California Gov. Arnold Schwarzenegger is scheduled to visit Yale next month to deliver an address on climate change, University officials confirmed this week.

Schwarzenegger will speak at a conference of state governors to be held on that topic at the School of Forestry and Environmental Studies on April 17 and 18. The event will not be publicly announced until at least next week, but officials disclosed some details about the conference in response to an inquiry by the News this week.

The meeting will come exactly one century after President Theodore Roosevelt beckoned the nation’s governors to the White House for a summit that effectively launched the conservation movement.

“In our case, 100 years later, we are convening the governors of the United States to discuss what we consider the most challenging issue of our time, which is climate change,” said Melissa Goodall, the associate director of the Yale Center for Environmental Law and Policy, which is organizing the event.

All 50 state governors — as well as their counterparts in the U.S. territories and Canada — have been invited to the conference, although administrators expect only a fraction of them to attend. State environmental-protection commissioners from around the country and at least two former administrators of the federal Environmental Protection Agency, among them former New Jersey governor Christine Todd Whitman, are also expected to make the journey to New Haven.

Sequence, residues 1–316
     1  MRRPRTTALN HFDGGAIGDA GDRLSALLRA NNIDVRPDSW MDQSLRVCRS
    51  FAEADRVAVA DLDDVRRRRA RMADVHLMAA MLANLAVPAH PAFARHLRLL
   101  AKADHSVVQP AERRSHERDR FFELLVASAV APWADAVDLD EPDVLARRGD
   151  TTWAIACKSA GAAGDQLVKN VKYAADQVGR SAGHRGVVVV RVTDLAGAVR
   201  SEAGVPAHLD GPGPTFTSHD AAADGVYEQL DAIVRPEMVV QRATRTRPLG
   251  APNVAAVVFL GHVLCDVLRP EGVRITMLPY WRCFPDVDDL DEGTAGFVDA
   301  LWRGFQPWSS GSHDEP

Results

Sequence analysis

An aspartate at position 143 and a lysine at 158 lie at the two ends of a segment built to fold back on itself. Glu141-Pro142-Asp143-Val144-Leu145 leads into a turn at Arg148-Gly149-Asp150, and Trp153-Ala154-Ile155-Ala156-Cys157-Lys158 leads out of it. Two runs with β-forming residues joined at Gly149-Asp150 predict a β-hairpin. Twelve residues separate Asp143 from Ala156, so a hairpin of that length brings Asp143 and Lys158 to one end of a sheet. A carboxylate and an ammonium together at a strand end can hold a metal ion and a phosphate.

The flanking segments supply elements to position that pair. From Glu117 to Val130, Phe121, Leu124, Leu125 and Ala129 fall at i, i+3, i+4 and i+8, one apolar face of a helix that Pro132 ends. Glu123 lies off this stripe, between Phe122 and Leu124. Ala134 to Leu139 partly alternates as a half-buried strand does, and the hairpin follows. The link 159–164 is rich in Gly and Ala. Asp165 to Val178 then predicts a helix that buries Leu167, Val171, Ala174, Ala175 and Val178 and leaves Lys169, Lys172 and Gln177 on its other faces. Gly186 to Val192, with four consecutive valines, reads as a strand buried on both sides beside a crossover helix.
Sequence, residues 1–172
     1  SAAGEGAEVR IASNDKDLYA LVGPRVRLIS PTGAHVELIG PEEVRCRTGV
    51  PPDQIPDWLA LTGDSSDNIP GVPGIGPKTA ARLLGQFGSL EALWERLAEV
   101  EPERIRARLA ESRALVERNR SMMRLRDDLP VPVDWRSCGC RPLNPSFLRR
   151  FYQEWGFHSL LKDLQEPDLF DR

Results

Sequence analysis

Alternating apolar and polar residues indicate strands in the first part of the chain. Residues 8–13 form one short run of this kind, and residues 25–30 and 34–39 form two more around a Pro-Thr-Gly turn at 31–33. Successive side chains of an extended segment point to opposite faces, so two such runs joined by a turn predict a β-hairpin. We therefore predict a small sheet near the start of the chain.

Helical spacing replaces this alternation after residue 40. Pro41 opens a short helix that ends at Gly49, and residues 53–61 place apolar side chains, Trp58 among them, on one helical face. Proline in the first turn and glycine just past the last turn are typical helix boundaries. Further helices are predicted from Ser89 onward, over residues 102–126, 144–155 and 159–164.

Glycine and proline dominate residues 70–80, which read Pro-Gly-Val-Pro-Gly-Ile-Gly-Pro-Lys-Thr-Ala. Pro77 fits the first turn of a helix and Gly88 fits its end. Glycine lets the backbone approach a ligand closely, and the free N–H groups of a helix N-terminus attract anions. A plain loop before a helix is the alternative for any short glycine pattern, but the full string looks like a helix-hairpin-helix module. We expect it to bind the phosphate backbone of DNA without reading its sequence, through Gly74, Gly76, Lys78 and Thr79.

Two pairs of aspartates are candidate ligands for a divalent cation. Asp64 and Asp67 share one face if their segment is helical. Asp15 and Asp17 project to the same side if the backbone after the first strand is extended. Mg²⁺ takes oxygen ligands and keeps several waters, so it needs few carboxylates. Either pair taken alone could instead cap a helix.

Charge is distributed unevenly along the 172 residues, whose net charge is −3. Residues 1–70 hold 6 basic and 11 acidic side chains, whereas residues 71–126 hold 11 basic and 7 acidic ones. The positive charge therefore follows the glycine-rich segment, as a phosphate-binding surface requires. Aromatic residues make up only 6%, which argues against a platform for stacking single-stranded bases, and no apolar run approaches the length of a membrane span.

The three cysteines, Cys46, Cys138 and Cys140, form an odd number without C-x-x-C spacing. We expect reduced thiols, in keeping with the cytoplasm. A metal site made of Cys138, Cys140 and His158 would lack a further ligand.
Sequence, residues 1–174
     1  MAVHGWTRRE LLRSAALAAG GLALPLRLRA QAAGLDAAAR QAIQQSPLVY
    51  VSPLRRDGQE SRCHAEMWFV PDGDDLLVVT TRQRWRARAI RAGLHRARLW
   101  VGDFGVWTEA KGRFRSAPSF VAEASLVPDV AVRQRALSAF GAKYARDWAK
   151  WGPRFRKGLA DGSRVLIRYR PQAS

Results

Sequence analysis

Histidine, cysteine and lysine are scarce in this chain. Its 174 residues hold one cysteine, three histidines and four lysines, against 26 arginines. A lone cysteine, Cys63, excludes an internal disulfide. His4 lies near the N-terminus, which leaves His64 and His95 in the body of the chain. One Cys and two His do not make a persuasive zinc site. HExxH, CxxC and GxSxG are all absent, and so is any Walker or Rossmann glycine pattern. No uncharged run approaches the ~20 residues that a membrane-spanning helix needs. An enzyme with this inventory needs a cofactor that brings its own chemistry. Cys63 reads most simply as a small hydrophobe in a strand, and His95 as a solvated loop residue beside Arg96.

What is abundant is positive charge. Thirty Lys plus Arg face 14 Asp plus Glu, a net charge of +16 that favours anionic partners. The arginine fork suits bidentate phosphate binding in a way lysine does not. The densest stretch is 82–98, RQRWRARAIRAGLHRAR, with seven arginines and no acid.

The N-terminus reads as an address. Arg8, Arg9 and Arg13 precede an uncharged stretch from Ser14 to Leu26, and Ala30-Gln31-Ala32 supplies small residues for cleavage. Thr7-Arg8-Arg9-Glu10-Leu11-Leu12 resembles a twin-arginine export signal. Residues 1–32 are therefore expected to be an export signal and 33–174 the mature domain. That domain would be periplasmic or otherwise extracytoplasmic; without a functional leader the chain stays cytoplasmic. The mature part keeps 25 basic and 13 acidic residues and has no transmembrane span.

R.K. Pachauri, a one-time FES visiting professor who received the Nobel Peace Prize last year on behalf of the Intergovernmental Panel on Climate Change, for which he serves as chairman, is also slated to attend.

Schwarzenegger, a Republican, made headlines in 2006 when he signed into law the first enforceable, statewide cap on greenhouse-gas emissions.

The program is among the cornerstones of his tenure as governor, and it also addresses an issue that has been a priority for University President Richard Levin in recent years. In a speech at the University of Copenhagen in January, Levin called on the world’s economic powers to take up efforts to replicate California’s scheme — lest the fight against climate change be all for naught, he said.

“The magnitude of the problem highlights one important fact: The solution must be global … [or] we cannot succeed in stabilizing global temperatures,” Levin said in his address. “Any one holdout pursuing a business-as-usual strategy will make the cost of adequate global reduction prohibitive.”

Yale, meanwhile, is making its own effort to fend off global warming; the University is already several years ahead of schedule in its initiative to realize, by 2020, a 10-percent cut in its greenhouse-gas emissions from 1990 levels.